Thrust is the force which moves any
aircraft through the air. Thrust is generated by the
of the aircraft. Different propulsion systems develop thrust in
different ways, but all thrust is generated through some
application of Newton's third law of
motion. For every action there is an equal and opposite reaction.
In any propulsion system, a working fluid is
accelerated by the system and
the reaction to this acceleration produces a force on the system. A
general derivation of the thrust equation
shows that the amount of thrust generated depends on the
through the engine and the
of the gas.
During and following World War II, there were a number of rocket-
powered aircraft built to explore
high speed flight.
The X-1A, used to
break the "sound barrier", and the X-15 were
rocket-powered airplanes. In a rocket engine , fuel and
a source of oxygen, called an oxidizer, are mixed and exploded
in a combustion chamber. The
produces hot exhaust which is passed through a
to accelerate the flow and
For a rocket, the accelerated gas, or
working fluid, is the hot exhaust produced during combustion.
This is a different working fluid than you find in a
Turbine engines and
propellers use air from the atmosphere as the working fluid,
but rockets use the combustion exhaust gases.
In outer space there is no atmosphere so turbines and propellers
can not work there.
This explains why a rocket works in space
but a turbine engine or a propeller does not work.
There are two main categories of rocket engines; liquid rockets and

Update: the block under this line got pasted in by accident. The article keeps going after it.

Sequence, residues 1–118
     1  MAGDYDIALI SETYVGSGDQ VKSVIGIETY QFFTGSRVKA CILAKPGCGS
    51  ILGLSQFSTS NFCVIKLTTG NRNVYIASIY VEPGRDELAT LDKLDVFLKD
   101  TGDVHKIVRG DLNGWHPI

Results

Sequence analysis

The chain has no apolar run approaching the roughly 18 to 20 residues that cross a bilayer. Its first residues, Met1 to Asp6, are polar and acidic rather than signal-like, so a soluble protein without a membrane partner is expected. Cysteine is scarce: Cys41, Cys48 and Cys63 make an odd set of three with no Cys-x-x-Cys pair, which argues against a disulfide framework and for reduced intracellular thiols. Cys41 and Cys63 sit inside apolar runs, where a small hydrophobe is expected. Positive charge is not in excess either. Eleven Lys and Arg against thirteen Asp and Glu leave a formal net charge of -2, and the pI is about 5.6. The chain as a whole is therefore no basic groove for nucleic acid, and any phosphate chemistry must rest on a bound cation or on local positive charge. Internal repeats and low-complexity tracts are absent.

solid rockets. In a
the propellants, the fuel and the oxidizer,
are stored separately as liquids and are pumped into
the combustion chamber of the nozzle
where burning occurs. In a
the propellants are mixed together
and packed into a solid cylinder. Under normal temperature conditions,
the propellants do not burn; but they will burn when exposed to
a source of heat provided by an igniter.
Once the burning starts,
it proceeds until all the propellant is exhausted.
With a liquid rocket, you can stop the thrust by turning off the flow of
propellants; but with a solid rocket, you have to destroy the casing to stop
the engine. Liquid rockets tend to be heavier and more
complex because of the pumps and storage tanks. The propellants are
loaded into the rocket just before launch.
A solid rocket is much easier to handle and can sit for years
On this slide, we show a picture of an X-15 rocket-powered
airplane at the upper left and a picture of a rocket engine test at
the lower right. For the picture at the right, we only see the
outside of the rocket nozzle, with the hot gas exiting out the
bottom. The X-15 was powered by a liquid rocket engine and carried a single
pilot to a height of more than 60 miles above the earth. The X-15 flew more
than six times the speed of sound nearly 40 years ago. The
speed record for a piloted aircraft is only exceeded
today by the Space Shuttle. The altitude record is only topped by the Space Shuttle
and the recent Spacehip 1, which also used rocket propulsion.
- Beginner's Guide Home Page